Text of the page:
Miri Regev’s illustrious company

Israeli-Argentine conductor Daniel Barenboim (photo credit: REUTERS)
Israeli-Argentine conductor Daniel Barenboim
(photo credit: REUTERS)
Austrian emperor Franz is said to have refused to have anything to do the with the composer Ludwig van Beethoven on the grounds that the man and his music were revolutionary.
The emperor is in illustrious company: Minister of Culture and Sport Miri Regev now apparently wants nothing to do with one of the great composer’s greatest interpreters, the pianist and conductor Daniel Barenboim.
Barenboim, an Israeli, will conduct the Berlin Staatskapelle Orchestra, which has confirmed that is in talks over a concert in Iran. German media have said the orchestra will travel to Iran with Chancellor Angela Merkel if the Iran deal is ratified and completed.
“This melody must be stopped. Barenboim promotes an anti-Israeli line and makes sure to bash [Israel] by using culture as a lever for his anti-Israel political views. This is an erroneous decision by Merkel,” Regev wrote in a Facebook post.
Regev is ired by Barenboim’s politics: He is an outspoken opponent of the government’s settlement policy and the occupation, he has taken up Palestinian citizenship and has even expressed qualified support for anti-Israeli boycotts.
Regev’s comments are just the latest in an ever-intensifying crescendo of criticism against artists who don’t toe the line. She threatened to cut funding from popular actor Norman Issa’s Jewish-Arab children’s theater, she has vowed to withhold funds from artistic institutions that “defame the state” and promised that artists will soon know “exactly what is permitted and what is prohibited.”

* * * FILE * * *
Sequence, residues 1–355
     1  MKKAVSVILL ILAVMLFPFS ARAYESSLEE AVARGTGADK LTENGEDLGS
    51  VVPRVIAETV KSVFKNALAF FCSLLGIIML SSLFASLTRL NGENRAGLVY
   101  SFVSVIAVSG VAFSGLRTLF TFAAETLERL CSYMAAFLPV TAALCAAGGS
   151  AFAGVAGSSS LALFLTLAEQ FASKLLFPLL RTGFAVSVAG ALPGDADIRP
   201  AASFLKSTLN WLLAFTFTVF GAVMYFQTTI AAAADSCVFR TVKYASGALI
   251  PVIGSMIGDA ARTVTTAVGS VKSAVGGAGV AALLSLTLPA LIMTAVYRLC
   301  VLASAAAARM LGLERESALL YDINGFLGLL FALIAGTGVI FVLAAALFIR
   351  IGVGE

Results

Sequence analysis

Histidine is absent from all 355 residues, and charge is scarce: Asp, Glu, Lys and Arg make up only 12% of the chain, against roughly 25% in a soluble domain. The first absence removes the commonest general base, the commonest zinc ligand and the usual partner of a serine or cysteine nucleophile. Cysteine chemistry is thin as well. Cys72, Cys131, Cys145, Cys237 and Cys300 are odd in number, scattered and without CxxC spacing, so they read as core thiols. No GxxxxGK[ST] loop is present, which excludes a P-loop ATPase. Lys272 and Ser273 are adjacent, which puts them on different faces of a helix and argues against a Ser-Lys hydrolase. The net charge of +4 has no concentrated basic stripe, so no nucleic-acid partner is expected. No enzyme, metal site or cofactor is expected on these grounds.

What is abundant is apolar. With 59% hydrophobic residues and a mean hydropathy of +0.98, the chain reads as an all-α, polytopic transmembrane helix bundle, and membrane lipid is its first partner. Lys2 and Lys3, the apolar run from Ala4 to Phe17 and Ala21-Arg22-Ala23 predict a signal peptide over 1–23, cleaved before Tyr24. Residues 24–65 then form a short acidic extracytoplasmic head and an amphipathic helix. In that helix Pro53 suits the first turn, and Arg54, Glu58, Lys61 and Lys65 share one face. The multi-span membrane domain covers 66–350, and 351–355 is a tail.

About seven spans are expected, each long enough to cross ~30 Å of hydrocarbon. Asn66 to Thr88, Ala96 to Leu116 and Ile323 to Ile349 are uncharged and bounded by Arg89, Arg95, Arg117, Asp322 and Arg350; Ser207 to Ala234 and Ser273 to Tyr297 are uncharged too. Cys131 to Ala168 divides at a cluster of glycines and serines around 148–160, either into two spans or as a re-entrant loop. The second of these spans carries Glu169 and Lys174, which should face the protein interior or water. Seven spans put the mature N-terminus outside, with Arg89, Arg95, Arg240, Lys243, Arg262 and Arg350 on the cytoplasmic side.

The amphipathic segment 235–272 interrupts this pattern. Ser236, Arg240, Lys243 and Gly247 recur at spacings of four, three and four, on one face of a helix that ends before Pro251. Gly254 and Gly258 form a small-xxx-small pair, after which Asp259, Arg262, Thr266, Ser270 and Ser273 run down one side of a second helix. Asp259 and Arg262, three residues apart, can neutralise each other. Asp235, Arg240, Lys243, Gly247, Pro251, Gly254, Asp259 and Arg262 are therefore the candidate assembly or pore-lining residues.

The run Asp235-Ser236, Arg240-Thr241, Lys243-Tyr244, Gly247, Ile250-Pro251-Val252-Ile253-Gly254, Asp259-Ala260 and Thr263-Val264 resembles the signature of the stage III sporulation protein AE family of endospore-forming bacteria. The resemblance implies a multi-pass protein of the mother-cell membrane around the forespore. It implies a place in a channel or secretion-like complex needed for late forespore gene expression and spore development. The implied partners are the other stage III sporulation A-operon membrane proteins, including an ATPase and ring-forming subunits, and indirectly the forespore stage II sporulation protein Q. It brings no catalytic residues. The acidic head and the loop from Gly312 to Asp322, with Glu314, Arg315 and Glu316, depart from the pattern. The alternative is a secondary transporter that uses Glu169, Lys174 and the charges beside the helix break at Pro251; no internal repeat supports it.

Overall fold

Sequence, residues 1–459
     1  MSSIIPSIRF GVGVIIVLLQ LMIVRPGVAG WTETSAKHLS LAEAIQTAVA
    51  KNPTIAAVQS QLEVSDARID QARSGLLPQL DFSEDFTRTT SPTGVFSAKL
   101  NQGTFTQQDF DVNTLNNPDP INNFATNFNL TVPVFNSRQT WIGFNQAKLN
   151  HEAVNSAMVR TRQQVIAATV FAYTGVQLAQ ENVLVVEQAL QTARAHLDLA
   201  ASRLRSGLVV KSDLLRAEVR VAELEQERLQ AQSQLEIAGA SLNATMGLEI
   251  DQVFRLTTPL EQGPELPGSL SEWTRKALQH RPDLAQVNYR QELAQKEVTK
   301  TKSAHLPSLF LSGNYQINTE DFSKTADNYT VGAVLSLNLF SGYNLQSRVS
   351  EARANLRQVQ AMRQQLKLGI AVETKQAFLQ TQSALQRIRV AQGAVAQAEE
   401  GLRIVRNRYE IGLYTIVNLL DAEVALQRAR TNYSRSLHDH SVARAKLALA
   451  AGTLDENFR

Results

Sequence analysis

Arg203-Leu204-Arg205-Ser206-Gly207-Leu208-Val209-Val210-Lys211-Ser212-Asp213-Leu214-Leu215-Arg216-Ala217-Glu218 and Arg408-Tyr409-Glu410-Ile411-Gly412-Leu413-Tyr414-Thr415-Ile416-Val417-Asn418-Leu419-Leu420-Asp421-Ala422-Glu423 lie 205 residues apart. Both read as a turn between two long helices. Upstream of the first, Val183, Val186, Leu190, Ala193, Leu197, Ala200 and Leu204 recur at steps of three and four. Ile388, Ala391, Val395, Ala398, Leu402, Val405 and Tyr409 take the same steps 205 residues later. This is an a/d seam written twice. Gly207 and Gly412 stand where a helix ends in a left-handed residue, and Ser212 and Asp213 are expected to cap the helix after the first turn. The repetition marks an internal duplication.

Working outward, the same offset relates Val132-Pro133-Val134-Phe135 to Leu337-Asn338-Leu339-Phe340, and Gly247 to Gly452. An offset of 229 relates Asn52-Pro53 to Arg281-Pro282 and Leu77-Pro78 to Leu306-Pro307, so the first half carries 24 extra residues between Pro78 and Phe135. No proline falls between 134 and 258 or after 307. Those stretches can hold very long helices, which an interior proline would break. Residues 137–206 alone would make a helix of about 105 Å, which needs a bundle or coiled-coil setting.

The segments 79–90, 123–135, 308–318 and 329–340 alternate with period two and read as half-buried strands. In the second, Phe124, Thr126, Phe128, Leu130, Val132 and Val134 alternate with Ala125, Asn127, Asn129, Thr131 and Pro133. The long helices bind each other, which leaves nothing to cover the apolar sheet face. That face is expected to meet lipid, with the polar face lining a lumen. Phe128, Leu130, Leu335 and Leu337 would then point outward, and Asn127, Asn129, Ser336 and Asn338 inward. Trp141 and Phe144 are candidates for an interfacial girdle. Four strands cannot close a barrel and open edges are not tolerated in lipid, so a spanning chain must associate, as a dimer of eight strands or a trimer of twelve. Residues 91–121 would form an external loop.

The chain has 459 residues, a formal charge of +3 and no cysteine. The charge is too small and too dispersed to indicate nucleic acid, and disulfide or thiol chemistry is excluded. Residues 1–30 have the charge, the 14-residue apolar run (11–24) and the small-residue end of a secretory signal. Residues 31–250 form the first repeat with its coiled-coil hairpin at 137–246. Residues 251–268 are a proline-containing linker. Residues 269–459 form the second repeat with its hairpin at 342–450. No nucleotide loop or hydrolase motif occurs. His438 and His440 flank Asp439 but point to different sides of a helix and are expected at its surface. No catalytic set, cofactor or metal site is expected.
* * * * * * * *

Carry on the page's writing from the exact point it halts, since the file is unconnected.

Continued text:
Barenboim’s views may be jarring to many Israelis, as indeed may the decision itself to go and play in a country that has again and again vowed to annihilate Israel. As an anecdote, in the 1950s, the young Barenboim is said to have been invited to perform Beethoven’s First Piano Concerto with the Berlin Philharmonic, but his father considered it too soon after the Holocaust for a child of Jewish parents to be performing in Berlin.
Lest it be forgotten, Barenboim held his wedding to the late Jacqueline Dupre at the Western Wall, played for IDF troops on the front lines in the Six Day War and the Yom Kippur War.
He maintains a home in Israel and his second wife, Elena Bashkirova, runs the Jerusalem International Chamber Music Festival, which brings leading musicians from around the world to Israel.
For Regev, all dissent must be muted.
While professing her commitment to pluralism and freedom of speech, she holds a Manichean world view – everything is black or white, light or dark, good or evil, either you are with us or against us. In Regev’s orchestra there is no variation, no range, no color, and no harmony, just the dull beat of conformity.
It is as yet unclear what the program will be if the Berlin Staatskapelle does indeed travel to Tehran. Perhaps – if Tehran allows the Israeli maestro into the country – Barenboim will conduct Beethoven’s Fifth with its revolutionary overtures or the Ninth with its message of freedom and fraternity. Beethoven was a passionate believer in freedom and the rights of man and his music is said to have the power to convey political and philosophical ideas and redeeming emotion.
This is something that troubles Iran’s leaders, too. Once again, Regev is in good company: Supreme leader Ayatollah Khamenei wrote coincidentally on the day news broke of the German orchestra’s planned visit: “Economic woes won’t cause anxiety, but cultural problems agitate one to lose sleep over them. All countries pay attention to cultural products; so, if some products contradict principles and basics, they must be banned with no shame.”